Paying it Forward
Lawyers are supposed to serve their communities, at least that's what my Daddy taught me. On this Law Day, let us take a glance back at one lawyer, who was a native of Dublin, but left his home here and left a lasting legacy to the State of Florida and northern Florida in particular. Born with a God given talent, Keen paid it forward and lent his skills to promote the enforcement of the law, the improvement of education and the establishment of nuclear energy facilities.
James Velma Keen was born in Dublin, Georgia on August 23, 1899. His parents, James Henry and Ida Keen lived on a farm in Smith's District on the eastern side of the river. Since his father was known as James, James Velma Keen was known by his friends as "Velma." When Velma was an infant, the Keens moved to River Junction in Gadsden County, Florida. James Henry Keen followed the course of his Holmes cousins and moved south to open a Coca Cola bottling plant in 1907. Keen operated the plant until 1913, when it merged with another plant in Marianna. After James Henry's death in 1942, his son Charlton took over as president and manager of the plant. When Charlton died in 1957, Velma found himself in control of his father's business, the Purity Bottling Works.
Velma Keen returned to Georgia where he entered Georgia Tech and later Oglethorpe University in Atlanta. After a brief period of study at the University of Pittsburgh, Keen returned to North Florida and entered Law School at Florida State University. After obtaining a law degree in 1922, Keen was admitted to the bar in 1923 and began the practice of law with the firm of Sawyer, Surrency, Carter and Keen.
From his new home in Sarasota, Keen launched his public service career. He served as the State's Attorney for the 27th Judicial District. In 1930, Keen was chosen as the State Attorney for Sarasota County. After failing in an attempt to become the mayor of Sarasota in 1927, Keen returned to politics and was elected to represent his county in the Florida legislature in 1931. Following his two-years in the state house, Keen once again climbed the ladder to become the Assistant Attorney General of Florida in 1933.
In 1936, Velma Keen returned to private practice in Tallahassee in a general civil practice with the firm of Keen, O'Kelly and Spitz. Keen was often called upon to write articles for the Florida Law Journal and remained active in the State Bar Association, serving as a committee chairman and the organization's president. In 1959, Keen was honored with an honorary Doctor of Laws degree by Florida State University for nearly four decades of outstanding legal services to the State of Florida.
In 1947, Keen represented the estate of circus magnate John Ringling, who bequeathed his estimable art museum, luxurious mansion and its grand gardens to the people of Florida. Velma Keen's passion was the furtherance and improvement of educational opportunities in his state. He served as a trustee of Florida Southern College. He was president of the Southern Scholarship and Research Foundation and chairman of the Continuing Education Council of Florida.
Velma Keen and his wife helped to found the Southern Scholarship and Research Foundation. The program continues today to provide free housing scholarships. In the early 1960s, Keen was appointed to the State Advisory Committee on Libraries. He was a member of the National Citizens Council for Better Schools, The Advisory Council on Education and a member of the Education Committee of the United States Chamber of Commerce, from 1948 to 1963.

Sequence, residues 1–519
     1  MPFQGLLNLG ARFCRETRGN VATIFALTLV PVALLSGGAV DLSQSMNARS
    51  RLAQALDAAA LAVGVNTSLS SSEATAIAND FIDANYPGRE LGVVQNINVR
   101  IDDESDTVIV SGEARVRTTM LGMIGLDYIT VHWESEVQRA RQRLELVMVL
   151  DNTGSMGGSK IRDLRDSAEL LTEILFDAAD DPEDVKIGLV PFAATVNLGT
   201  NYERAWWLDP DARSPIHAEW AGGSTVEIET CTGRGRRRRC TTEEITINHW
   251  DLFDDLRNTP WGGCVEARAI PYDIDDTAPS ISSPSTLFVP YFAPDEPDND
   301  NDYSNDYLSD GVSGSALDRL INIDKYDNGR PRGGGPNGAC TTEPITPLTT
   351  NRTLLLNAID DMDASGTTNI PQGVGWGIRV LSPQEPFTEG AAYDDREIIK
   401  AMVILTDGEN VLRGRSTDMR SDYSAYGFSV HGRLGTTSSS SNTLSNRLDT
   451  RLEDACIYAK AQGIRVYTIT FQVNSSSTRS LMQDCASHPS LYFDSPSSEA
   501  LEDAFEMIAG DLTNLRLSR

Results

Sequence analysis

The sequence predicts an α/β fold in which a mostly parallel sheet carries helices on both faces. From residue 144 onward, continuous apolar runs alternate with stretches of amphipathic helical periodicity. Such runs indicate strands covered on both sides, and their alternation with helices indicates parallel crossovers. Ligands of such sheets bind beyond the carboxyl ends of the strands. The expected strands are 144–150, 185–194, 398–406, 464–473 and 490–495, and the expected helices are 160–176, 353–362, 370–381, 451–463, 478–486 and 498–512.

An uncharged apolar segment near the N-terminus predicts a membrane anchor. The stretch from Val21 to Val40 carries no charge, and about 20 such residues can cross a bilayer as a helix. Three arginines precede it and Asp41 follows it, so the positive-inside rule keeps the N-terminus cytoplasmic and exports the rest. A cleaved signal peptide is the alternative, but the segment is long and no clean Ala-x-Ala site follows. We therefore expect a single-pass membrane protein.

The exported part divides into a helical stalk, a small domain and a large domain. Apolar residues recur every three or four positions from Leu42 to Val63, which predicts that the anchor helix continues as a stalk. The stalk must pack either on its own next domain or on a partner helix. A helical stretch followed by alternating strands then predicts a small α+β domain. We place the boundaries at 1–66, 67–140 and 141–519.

Perhaps Velma Keen's most enduring legacies came in the field of nuclear energy. Just ten years after the detonation of the first nuclear bomb, Keen led his state in the establishment of the atom as a peaceful implement of man. In 1955, Keen was elected to chair the Florida Nuclear Development Commission. The board of citizens was charged with the responsibility of implementation of policies and advisement of nuclear development in the state. Keen and his fellow board members began to recruit math and science teachers who would encourage their students to excel in their studies and remain at home to further the interests of Florida. Eventually the commission promoted the studies of nuclear energy at the Florida State and the University of Florida. His personal goal was to make the state's top two universities among the best in the nation. As a member of the Southeastern Regional Council on nuclear energy, Keen helped to develop policies for the establishment of nuclear power plants and the storage of radioactive waste products.
In 1966, James Velma Keen was honored for his work in the development of nuclear energy. Florida State University named its new physics building the James Velma Keen Physics Research Building in honor of one of the founders of the Southern Interstate Nuclear Compact in 1959. An excellent public speaker, Keen was frequently asked to speak to scientific, business and education groups.
Keen was an astute businessman as well. He was the founding president of the Leon Federal Savings and Loan Association in Tallahassee. The Commonwealth Corporation, a large financial institution, was founded under his leadership. Always asked to serve on many boards, Keen served three terms as President of the Tallahassee Chamber of Commerce in the late 1940s and as a director of the Florida Chamber of Commerce in 1950s. Velma Keen was also active in historical affairs. He served as vice president of the Florida Historical Society in the mid 1950s.
James Velma Keen died on March 4, 1963. His life was one of untiring public service. Keen represents the qualities of what an ideal attorney at law should be. Those of us who are blessed with a talent to represent others in times of tribulations and triumphs are obligated to share our blessings with others. Of course, everyone else should aspire to those same goals of selflessness and service to others.